Gov. Snyder activates State Emergency Operations Center as reports of storm damage continue to increase
Wednesday, March 8, 2017
LANSING – Gov. Rick Snyder has activated the state’s Emergency Operations Center to closely monitor and share information as increasing reports of storm damage and power outages across the state are becoming available from local communities and utilities.
“As Michiganders are struggling with storm damage and power outages from some of the extreme winds that are blowing through the state, our first priority is the safety and security of residents,” Snyder said. “Utility companies have been spending much of the afternoon just trying to get a handle on how many lines are down and how best to restore power as quickly as possible.”
Current reports indicate that approximately 650,000 electric customers have lost power to homes and businesses across Michigan. While weather services are predicting that the winds will diminish to approximately 30 mph overnight and drop to 15 mph during the day tomorrow, they also are predicting colder temperatures settling in statewide.
“We will be proactively coordinating our state departments and agencies with the utility companies to continuously assess the number of people without electricity and how long it will be until power is restored,” Snyder said. “We also will be coordinating with local communities to see if they have additional needs to help their residents as the temperatures go down.”
The Michigan Public Service Commission and Michigan Agency for Energy have been in regular contact with the utility companies since yesterday when the first storm damages started to occur in the Upper Peninsula. Utility companies have called for additional workers from throughout the region who will be arriving to assist with power restoration.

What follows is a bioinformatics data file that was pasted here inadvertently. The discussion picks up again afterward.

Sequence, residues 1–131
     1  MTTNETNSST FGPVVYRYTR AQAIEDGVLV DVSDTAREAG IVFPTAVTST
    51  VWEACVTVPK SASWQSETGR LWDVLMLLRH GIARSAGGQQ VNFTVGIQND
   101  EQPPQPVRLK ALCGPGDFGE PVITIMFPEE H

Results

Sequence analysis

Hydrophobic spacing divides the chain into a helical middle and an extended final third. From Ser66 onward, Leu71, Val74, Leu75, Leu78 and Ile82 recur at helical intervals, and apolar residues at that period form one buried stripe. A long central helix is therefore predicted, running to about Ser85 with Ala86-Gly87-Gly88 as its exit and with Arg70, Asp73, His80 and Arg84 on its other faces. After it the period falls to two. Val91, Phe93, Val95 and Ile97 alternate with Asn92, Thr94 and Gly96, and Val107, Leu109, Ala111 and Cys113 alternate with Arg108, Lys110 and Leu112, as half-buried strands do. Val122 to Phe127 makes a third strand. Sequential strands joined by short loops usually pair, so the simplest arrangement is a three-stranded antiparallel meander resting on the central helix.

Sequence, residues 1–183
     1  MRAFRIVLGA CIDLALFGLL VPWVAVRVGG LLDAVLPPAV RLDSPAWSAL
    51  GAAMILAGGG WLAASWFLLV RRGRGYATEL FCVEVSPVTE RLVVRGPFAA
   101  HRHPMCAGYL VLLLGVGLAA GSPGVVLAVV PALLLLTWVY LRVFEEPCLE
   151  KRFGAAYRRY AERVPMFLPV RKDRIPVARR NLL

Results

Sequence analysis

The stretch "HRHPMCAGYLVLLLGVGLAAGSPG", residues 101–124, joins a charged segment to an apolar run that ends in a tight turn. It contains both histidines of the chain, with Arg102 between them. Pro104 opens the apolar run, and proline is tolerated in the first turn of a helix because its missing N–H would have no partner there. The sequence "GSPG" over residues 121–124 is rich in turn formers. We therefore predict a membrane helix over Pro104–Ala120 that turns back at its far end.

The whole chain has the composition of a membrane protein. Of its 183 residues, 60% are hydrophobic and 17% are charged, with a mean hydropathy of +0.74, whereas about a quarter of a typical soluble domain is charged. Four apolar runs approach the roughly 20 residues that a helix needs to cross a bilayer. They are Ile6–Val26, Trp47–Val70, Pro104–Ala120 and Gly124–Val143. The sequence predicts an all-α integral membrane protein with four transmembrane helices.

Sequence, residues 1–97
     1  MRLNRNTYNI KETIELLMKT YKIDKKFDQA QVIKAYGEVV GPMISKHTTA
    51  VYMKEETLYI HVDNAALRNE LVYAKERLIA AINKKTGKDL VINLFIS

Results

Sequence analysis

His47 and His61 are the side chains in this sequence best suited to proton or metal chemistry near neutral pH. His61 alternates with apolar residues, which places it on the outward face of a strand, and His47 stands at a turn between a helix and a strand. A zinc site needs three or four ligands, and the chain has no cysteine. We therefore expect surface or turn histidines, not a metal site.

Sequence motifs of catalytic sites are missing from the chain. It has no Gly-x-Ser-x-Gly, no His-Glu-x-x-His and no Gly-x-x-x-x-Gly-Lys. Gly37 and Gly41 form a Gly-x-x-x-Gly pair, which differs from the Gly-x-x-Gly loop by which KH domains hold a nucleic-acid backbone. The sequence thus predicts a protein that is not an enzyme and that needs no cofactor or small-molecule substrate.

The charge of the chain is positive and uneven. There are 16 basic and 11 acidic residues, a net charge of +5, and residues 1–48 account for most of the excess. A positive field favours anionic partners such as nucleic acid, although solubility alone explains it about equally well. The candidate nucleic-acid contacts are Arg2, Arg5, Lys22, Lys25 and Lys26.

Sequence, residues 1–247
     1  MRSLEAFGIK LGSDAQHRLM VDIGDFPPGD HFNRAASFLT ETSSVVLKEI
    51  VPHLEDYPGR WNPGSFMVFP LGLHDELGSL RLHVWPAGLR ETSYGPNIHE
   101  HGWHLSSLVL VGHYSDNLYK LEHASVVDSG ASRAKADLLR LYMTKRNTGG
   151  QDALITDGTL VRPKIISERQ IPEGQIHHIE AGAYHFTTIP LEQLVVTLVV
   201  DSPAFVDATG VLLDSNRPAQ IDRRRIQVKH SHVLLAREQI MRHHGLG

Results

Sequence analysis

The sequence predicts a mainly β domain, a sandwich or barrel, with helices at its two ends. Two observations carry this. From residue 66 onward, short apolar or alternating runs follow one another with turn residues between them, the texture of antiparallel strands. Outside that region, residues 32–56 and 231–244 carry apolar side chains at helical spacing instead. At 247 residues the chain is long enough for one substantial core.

The Michigan State Police is monitoring the situation closely and collecting damage reports at the operations center in Lansing, while troopers statewide are working to keep residents safe from harm and assist anyone who has encountered a hazard.
“I appreciate the hard work of our first responders who are helping residents to be safe during these conditions. I also thank the utility company workers for their tireless efforts to restore power throughout the Upper and Lower Peninsulas since yesterday,” Snyder said. “Residents need to stay safe as cleanup from this storm is underway and check in on family, friends and neighbors who might need a helping hand. Together, we can recover more quickly as this storm subsides overnight.”
The Michigan Public Service Commission and Michigan Agency on Energy urge utility customers to exercise caution when using supplemental home heating sources or portable generators. It also is extremely important to treat all downed power lines as “live,” and assume they still have electricity flowing through them. That means residents should stay clear and call 9-1-1 to report the downed line.